There were plenty of gringos at the parade, all older—meaning my age or younger—and more country club than Sam’s Club. The word is out that San Miguel de Allende is the place to be. 

Since I was flying solo for dinner, I asked our AirBnB host for restaurant suggestions. He urged me to go to Mezcalaria, which happened to be right across the street from our rental. Mezcalaria was handsome in an Asian-ish-minimalist-ish kind of way—delightful, really.  

Our host said that if I were feeling friendly, I could sit at the communal table in the restaurant’s garden. 

That’s how I had dinner with a lovely couple--an attorney and an interior designer-- who’d just moved to San Miguel from Carmel. They were helpful in giving me the lay of the land, what to see, what to miss, and what the place would be like for aging recently retired doofus hipster wannabes considering spending more time there.  

I spent lots of the day--and the next few days--enjoying the architecture of San Miguel's colonial churches...

...and their creepy statuary. 

Shortly after my friends finally arrived, we did as my friends from Mezcalaria suggested and went to CityMarket to stock up on beer, wine, and so on. The cab ride there was a treat—through narrow cobblestone streets, cool buildings everywhere, choice cars ("Look! There's a VW Thing!"), and great people watching. Cars seemed to move through the tangled web of narrow streets as if controlled from above. There was no honking, shouting, bird flipping, or even a raised eyebrow at the other drivers. It was practically Swiss. Amazing! 

CityMarket was the most upscale supermarket that I’ve ever been to--the love child of Harris Teeter and Harrod’s Food Hall. The supermarket was just so stinking cool--it was like the buffet at Wynn Las Vegas except a supermarket. It's one of my favorite sights in Mexico. 

As soon as we’d finished shopping, the doorman (yes, the supermarket had a doorman) ran out to the street to hail us a cab for our return trip. While we waited for a cab (elapsed time, 5 seconds, tops) a stylishly dressed woman of a certain age drove up on a four-wheeler. I've gone for groceries on a motorcycle (as in later in this trip) but never on a four-wheeler, let alone on a four-wheeler while dressed to the nines. It was quite something.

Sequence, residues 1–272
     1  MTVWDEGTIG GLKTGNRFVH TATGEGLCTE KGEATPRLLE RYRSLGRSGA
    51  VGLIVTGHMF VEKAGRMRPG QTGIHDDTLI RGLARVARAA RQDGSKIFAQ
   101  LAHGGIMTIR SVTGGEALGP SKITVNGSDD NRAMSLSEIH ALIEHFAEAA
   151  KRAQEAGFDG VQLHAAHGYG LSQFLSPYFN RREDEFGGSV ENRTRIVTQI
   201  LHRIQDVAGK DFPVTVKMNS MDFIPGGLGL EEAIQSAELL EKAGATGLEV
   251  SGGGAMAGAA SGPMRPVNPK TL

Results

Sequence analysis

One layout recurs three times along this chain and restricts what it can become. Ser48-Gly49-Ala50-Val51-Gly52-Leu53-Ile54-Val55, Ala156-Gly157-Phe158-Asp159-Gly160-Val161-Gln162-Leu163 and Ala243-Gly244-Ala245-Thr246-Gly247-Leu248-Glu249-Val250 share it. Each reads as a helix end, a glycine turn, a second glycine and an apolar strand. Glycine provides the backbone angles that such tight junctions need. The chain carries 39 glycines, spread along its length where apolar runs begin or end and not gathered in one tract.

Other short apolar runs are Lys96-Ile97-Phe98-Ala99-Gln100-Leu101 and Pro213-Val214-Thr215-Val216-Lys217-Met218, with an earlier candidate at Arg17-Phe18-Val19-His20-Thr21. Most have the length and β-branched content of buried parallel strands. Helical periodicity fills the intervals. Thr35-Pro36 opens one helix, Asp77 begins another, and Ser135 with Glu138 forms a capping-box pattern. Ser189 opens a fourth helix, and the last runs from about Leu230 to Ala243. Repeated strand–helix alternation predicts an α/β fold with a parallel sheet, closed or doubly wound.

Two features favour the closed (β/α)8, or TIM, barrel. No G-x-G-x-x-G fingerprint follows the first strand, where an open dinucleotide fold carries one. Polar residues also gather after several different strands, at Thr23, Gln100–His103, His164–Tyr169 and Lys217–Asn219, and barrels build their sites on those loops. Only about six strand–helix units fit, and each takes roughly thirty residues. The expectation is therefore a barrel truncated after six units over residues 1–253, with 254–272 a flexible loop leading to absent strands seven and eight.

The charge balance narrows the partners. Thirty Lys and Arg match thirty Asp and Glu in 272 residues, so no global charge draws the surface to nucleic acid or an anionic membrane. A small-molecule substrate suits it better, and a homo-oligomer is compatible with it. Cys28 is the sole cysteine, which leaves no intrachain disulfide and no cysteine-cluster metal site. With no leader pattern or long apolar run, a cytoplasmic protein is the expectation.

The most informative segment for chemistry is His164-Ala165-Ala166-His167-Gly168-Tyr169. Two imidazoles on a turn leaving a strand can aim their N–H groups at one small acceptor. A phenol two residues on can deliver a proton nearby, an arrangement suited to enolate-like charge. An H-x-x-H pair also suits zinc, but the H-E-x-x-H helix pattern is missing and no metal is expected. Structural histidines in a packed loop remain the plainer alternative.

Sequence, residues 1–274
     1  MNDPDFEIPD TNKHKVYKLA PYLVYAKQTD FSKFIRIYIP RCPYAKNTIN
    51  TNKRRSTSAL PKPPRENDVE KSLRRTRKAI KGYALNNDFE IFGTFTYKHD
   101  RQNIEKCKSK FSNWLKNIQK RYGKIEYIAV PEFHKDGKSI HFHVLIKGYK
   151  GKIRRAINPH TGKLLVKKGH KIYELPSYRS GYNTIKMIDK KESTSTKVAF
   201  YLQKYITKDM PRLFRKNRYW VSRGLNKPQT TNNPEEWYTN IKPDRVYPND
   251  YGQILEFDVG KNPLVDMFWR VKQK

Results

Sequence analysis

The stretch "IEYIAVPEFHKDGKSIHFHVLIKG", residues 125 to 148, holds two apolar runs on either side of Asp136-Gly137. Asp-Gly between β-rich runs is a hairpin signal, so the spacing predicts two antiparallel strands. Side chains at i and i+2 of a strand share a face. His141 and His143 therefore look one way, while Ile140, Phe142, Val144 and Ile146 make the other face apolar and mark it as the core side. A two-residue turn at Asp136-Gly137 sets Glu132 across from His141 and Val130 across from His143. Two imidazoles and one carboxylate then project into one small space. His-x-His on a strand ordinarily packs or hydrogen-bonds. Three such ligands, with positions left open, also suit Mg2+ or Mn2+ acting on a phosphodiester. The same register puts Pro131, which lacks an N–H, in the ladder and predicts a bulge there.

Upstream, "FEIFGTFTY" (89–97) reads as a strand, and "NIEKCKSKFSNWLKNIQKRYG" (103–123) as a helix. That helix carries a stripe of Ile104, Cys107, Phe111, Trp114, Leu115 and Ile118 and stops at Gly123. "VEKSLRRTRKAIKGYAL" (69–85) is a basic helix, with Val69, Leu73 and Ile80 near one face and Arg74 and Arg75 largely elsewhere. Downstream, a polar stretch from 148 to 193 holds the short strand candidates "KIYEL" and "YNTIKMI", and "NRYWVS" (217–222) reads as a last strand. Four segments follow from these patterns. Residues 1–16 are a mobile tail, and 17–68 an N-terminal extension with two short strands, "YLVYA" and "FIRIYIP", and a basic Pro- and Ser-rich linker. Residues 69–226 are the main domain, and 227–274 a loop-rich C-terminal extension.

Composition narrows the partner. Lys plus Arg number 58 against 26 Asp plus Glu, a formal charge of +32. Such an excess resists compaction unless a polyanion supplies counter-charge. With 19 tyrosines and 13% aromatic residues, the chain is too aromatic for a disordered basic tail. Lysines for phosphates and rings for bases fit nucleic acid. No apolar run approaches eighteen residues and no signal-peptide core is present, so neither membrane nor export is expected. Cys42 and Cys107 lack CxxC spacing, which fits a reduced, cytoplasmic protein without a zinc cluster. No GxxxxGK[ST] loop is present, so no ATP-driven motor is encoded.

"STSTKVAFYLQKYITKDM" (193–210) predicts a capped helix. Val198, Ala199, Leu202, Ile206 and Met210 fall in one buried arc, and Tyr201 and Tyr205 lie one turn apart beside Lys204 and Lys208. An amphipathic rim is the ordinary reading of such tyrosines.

We did do one super touristy thing—a Sunday afternoon food tour of San Miguel. I’m not usually a fan of guided tours—what’s that line from the old Anacin commercial? “Mother! I’d rather do it myself?” On the other hand, it was all about food and a guy has to eat. Since my default is red checkered tablecloth rather than fine dining, I’m likely to miss a lot in the food world if I don’t make an effort. 

Between Sunday breakfast and our food tour, we had time to knock about. Mindful of my friend Susan’s remark about being a traveler, not a tourist, a death march somewhere to check a box off a list didn’t seem like a worthwhile endeavor. Plus, what would top CityMarket? Carrie and I decided to let the world pass us by enjoying the plaza in front of the church of San Francisco, while Pam, a practicing Catholic, went to Mass. 

I should point out that Pam has a very different idea of the meaning of on time than I do. My parents were in the military. If you’re supposed to be someplace at 10:00 am, you’re supposed to be there before 10:00 am. On Sunday, on time means you need to be at church well before the service for a little howdy-do-ing before settling into your pew before the choir and clergy enter and the service starts. For Pam, there is no such thing as on time. She says she’s on time for church if she gets there before the homily. I’m no expert on Catholicism but I’m pretty sure that’s not how they start Mass.

So…Pam wandered into church and texted back that they were at the offertory and that she’d stay for the service unless we were scheduled to be doing something else. 

Carrie and I watched a mariachi band hang out and enjoyed a little downtime in the plaza while Pam did her thing. 

After a while—I can’t tell you how long—Pam was out of the church and sat down by me laughing. She hadn’t gone to Sunday Mass, she’d gone to a funeral. In her typically scattered way, she hadn’t noticed that she was at a funeral until she walked up to the front of the church for communion and saw the casket front and center. Oops! 

We were still laughing when they wheeled the dearly departed’s casket out of the church onto the plaza. The mariachi band, finished with its hanging out, struck up a tune for the benefit of the assembled multitude. As mourners gathered around the casket, they opened it up so folks could have one last look and one last cry. 

It was really something. And as a connoisseur of funerals, I mean, REALLY something. I turned to Carrie and said in astonishment, “And some people don’t like to travel!”

I thought, this could be the first episode of a documentary series on my future streaming service, The Funeral Channel. Funerals of Foreigners. Has a ring to it, doesn’t it?